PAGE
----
The MoBster Diaries

Thursday, January 5, 2012

The Dreaded Thank You Note

Any child receiving a birthday present or any couple opening a stack of wedding gifts knows that the downside to being showered with wonderful loot is having to write the dreaded thank you note. (Cue ominous music) It's not that the recipients aren't grateful for the time, thought, and cost that has gone into the gift or favor. It's not that anyone's shy about saying "Thanks!" It's just, well, there do seem to be a lot of roadblocks between opening the gift and slapping a stamp on a completed note of gratitude.

We write a lot of thank you notes for our Elegant Scribbles clients, so we understand how daunting the whole process can seem. A couple of big things put people off of writing notes right from the start. Let's see. There's time, of course. It does take time to assemble cards, stationery, and stamps, track down a pen that doesn't blob or skip, and then try to think of something to say that doesn't sound formulaic, silly, or ungrateful.

And skill. A good thank you note requires a little mental and physical skill. The note should contain a something personal (I always love your gifts, or How did you know this is my favorite game?, or We were so glad you could join us at the wedding!), so you have to do a bit of thinking about that. Of course, sometimes diplomacy is needed, especially if the gift is, well, just not the right thing (bunny slippers for a 12-year-old boy, or a couple's 16th gravy boat). And the handwriting should be fairly legible, so that the thankee can read what the thanker wrote.

Face it, just thinking about the whole process can cause even the most stout-hearted nose-to-the-grindstone type to run through a gamut of procrastination techniques, like cleaning toilets and mowing lawns. May I suggest a few tips that might light a little thank you note fire under any notewriter?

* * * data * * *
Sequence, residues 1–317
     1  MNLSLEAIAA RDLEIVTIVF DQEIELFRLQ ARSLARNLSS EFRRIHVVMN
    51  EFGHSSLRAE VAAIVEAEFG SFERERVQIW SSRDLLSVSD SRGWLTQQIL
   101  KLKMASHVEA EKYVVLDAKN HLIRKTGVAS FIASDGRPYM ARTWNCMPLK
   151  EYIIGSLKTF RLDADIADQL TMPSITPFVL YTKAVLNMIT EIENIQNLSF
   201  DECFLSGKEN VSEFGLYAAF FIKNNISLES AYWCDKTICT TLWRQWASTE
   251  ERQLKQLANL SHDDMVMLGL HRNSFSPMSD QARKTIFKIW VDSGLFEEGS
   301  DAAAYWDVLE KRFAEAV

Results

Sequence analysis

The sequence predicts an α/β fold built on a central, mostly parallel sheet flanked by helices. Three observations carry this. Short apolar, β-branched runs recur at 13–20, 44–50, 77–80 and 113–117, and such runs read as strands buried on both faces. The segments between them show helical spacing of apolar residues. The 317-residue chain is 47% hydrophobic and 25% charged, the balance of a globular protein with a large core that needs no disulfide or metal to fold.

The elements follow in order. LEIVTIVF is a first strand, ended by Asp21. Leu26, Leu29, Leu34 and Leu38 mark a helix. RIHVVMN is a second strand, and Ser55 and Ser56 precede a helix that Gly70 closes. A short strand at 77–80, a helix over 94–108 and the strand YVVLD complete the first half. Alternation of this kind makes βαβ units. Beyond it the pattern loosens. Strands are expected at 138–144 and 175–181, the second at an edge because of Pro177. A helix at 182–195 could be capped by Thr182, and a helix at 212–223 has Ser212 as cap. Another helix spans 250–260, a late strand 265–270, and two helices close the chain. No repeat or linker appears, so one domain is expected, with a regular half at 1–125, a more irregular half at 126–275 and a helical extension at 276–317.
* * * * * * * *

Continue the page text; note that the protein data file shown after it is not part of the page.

1. Distinctive note cards or paper: There are lots of ways to create either folded- or post-cards via various photo sites like Shutterfly, Snapfish, Kodak, etc., using your own photos and designs, so go forth and have fun. Let kids help design their own cards, and they'll be proud to show 'em off (even if they have to write a thank you note to do it). 
  2. Great pens: Go to a store with a good selection, buy a few different tips and ink types, then take them home and try them out on your stationery. Select the one(s) that feel right to you. And the most expensive pen may not always be the one that suits you best.
  3. Stamps: Have them handy. Order online from USPS or design your own (yes, you can do that). Nothing slows down the thank-you-note-writing process more that knowing that you have to make a trip to the post office to buy the stamps. No excuses now!
  4. Template: OK, yes, you're going to need to spend a little time crafting your note. If you create a template or two, you won't have to sweat so hard over each note. I'm not talking a cookie-cutter note, but a guide to simplify things. Elements of the note do require specific information, for example what the gift was and a brief personal line, but the framework can be the same for all the notes. It doesn't have to be long and involved: a greeting, opening line of thanks for the gift, something special or particular about the gift/giver/event, closing line, and signature.
  5. Address List: Names, addresses, and the specific gift.
Yes, yes, yes. It seems a lot up front, but trust me. Gather all your stuff (and have fun doing it), create your template, and start writing. Once you get the system down - say, after a couple of birthdays or bridal showers - you'll be able to zip off a lovely, much appreciated note in no time.

And who knows? After one or two wonderful thank you notes, Aunt Mabel may forego giving you bunny slippers and opt for something you'll really like!

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posted by MaryB at | 1 Comments